Market segmentation and targeting are complementary techniques for separating a market into smaller, more homogeneous groups (segmentation), then selecting one or more of these groups as the focus of your marketing efforts (targeting).
The next step in the marketing process involves positioning your brand in a way that appeals to your chosen target market(s).
Market segmentation and targeting
You don’t need me to tell you that people aren’t a homogeneous group like robots that look the same and act the same. Instead, people are unique. Yet, they might share characteristics with other people. For instance, we can divide people into different groups based on age. You’ll find that people over 65 share more in common with other people over 65 than they do with the average 25-year-old. We’re talking about averages here, not absolutes. Hence an individual 65-year-old might have some things in common with an individual 25-year-old, but, on the whole, people in these age groups have some clear differences. These differences might impact their consumption choices. For instance, the 65-year-old will likely prefer a broadway play rather than a hip-hop concert.
The notion of segmentation and targeting uses these differences to develop marketing strategies that are more likely to yield success. In the earlier image, we see the four ways we can segment the market into discrete groups that share a common characteristic or several that might impact their purchase decisions. These are:
When we segment a market, we combine these characteristics to define separate groups that exist within the larger market. We then choose one or more groups that represent a great opportunity for our brand. We want these groups to be:
- Large enough to warrant the expense and effort necessary to accommodate their needs
- Share a common need we can use to appeal to them over our competitors
- Represent a group we can reach using some communication channel where they like to hang out
- Stable over time, otherwise, they can’t support our long-run strategy
A practical example of segmentation
For example, let’s say you make laundry detergent and you recognize that not every family is alike. Some families have kids, some families are made up of working professionals. some are composed of blue-collar workers. Hence, while everyone needs laundry detergent, they don’t need the SAME laundry detergent. The family with kids wants something strong enough to take on the dirt and stains kids get on their clothing. The professionals spend a lot of money on their clothes, which don’t get very dirty since they work in an office and don’t wear their suits to play a pickup basketball game, so they want a detergent that’s safe for their expensive clothing. They also probably have many clothes they dry clean, so they don’t buy as much laundry detergent (and have higher incomes), so they’re willing to spend a little more on detergent that protects their clothes. A blue-collar worker might not only get his/her clothes pretty dirty, but smelly. So, they want a detergent that takes care of both problems.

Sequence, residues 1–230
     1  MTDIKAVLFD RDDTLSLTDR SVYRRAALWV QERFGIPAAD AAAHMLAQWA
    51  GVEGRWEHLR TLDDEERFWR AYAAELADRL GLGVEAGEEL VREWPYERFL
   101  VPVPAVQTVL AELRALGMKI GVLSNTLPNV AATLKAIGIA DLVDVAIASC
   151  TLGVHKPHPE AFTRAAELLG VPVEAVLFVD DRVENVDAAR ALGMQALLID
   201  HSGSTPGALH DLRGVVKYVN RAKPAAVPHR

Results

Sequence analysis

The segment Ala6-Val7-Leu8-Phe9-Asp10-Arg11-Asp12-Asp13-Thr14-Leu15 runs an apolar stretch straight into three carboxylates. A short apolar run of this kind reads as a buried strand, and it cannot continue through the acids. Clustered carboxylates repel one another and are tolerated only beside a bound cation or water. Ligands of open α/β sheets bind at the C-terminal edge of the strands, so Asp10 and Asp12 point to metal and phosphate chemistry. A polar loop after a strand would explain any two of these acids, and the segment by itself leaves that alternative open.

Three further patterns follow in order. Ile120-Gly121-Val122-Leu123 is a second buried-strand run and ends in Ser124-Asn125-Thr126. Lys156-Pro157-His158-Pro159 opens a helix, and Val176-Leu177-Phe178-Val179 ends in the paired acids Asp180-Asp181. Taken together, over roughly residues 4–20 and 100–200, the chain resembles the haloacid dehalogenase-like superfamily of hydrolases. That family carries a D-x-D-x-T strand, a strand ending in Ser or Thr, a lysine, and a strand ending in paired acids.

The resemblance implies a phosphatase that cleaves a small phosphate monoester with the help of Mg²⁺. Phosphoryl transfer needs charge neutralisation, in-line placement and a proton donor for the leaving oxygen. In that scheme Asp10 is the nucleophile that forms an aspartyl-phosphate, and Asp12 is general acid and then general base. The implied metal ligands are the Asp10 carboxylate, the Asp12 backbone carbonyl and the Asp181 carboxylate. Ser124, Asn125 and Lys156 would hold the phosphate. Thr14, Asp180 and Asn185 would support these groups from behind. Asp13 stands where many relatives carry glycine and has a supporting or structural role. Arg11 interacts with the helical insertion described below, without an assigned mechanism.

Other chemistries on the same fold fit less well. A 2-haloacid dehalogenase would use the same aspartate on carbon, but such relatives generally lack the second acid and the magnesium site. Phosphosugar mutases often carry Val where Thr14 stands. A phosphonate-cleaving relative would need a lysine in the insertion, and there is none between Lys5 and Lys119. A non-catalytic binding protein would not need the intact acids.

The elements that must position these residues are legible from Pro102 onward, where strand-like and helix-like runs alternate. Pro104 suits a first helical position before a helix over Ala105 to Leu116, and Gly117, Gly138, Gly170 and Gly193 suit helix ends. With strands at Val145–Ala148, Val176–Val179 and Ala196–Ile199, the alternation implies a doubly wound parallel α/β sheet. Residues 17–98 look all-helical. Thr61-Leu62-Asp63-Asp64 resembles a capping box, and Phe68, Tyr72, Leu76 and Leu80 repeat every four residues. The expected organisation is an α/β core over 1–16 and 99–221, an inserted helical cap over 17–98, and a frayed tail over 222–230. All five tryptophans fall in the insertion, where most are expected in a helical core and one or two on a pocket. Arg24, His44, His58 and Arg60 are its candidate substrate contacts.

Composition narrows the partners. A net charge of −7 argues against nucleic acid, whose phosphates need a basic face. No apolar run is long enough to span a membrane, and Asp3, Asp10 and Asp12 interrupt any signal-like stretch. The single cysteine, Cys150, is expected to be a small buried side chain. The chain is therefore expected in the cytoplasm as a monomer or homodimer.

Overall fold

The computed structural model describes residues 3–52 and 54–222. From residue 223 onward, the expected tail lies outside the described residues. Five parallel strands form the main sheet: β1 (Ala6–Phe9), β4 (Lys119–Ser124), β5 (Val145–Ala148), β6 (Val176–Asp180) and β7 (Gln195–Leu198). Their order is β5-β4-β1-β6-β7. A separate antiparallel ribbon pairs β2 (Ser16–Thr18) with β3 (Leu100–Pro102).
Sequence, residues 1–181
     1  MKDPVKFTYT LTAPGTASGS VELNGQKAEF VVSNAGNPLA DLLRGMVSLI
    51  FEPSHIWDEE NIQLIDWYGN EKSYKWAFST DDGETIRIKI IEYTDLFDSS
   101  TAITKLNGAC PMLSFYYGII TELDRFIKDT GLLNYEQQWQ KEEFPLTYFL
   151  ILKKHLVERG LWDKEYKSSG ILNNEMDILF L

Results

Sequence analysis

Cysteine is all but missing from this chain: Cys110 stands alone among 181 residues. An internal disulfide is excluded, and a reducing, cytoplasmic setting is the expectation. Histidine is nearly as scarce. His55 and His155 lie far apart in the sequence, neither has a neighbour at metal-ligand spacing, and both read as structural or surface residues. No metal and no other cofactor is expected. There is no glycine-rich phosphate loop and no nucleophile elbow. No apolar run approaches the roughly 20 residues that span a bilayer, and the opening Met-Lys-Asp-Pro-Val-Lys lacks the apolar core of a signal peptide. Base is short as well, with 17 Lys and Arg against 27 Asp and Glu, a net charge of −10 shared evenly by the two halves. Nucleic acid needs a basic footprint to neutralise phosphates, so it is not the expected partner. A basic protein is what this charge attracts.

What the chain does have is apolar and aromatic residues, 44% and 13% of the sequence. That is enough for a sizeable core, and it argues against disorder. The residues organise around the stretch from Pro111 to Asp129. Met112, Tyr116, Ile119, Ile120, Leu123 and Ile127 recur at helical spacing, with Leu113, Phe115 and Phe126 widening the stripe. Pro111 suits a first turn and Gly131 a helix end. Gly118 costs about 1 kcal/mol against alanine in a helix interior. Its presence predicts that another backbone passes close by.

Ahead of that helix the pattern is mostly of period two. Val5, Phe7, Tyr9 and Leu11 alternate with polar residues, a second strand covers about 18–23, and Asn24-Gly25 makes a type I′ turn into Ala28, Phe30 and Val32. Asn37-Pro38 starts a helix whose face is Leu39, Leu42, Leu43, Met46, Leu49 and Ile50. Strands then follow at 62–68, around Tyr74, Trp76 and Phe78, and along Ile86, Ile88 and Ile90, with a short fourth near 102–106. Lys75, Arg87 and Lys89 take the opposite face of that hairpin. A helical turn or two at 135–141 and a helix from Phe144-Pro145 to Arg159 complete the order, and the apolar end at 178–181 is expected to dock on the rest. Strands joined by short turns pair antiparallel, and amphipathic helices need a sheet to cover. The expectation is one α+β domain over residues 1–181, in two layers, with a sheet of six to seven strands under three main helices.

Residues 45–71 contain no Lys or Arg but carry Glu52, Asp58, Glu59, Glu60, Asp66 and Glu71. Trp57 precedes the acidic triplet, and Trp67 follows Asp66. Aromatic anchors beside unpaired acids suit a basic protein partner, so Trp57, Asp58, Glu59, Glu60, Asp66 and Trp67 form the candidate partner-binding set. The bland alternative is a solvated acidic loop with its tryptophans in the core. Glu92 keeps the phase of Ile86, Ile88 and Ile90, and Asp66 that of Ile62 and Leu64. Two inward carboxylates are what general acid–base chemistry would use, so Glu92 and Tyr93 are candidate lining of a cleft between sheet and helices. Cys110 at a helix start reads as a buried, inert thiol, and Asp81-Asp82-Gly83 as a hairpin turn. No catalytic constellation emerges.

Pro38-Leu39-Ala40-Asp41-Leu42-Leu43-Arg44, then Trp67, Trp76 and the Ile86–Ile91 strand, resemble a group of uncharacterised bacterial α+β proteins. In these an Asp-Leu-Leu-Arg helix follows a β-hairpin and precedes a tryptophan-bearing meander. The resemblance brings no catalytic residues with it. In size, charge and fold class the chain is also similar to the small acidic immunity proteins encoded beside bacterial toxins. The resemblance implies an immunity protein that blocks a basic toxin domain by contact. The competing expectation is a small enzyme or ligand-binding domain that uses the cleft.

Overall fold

You get the idea, right?
So, I can produce a single detergent and sell my generic product to everyone. The problem with that strategy is rather than being everything everyone needs, my product probably only somewhat satisfies everyone. And, prospective customers may choose a competitor that focuses on solving their individual needs better than my generic product. I’m more successful if I develop specific products for each market segment; something that fits just right (like the Goldilocks story). Now consumers have a reason to buy the product that’s just right for them.
There’s another problem with trying to market my middle-of-the-road product to everyone. I now compete with every other detergent maker for the same market. And, my market is vast since everyone needs detergent. Hence, my advertising costs are much greater than if I chose to only reach a segment of the market.
Ah, and now we come to targeting. I’ve segmented the market into homogeneous groups. Now, I have to choose 1 or a small number of those segments as prospects for my brand–targeting. You now see better the fit between segmentation and targeting. Targeting is effective because companies avoid direct competition and create offerings tailored to the desired benefits of the target marketing.